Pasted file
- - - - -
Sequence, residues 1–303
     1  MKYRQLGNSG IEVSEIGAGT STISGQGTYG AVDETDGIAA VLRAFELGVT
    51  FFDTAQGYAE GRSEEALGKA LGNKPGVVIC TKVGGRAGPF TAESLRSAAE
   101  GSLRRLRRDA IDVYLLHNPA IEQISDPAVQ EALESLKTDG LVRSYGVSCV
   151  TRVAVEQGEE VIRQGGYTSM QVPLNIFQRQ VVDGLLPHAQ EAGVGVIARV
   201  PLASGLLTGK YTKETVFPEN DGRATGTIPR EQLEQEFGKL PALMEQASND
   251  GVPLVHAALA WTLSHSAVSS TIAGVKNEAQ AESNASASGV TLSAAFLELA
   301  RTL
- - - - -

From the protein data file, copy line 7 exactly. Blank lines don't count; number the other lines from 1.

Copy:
   251  GVPLVHAALA WTLSHSAVSS TIAGVKNEAQ AESNASASGV TLSAAFLELA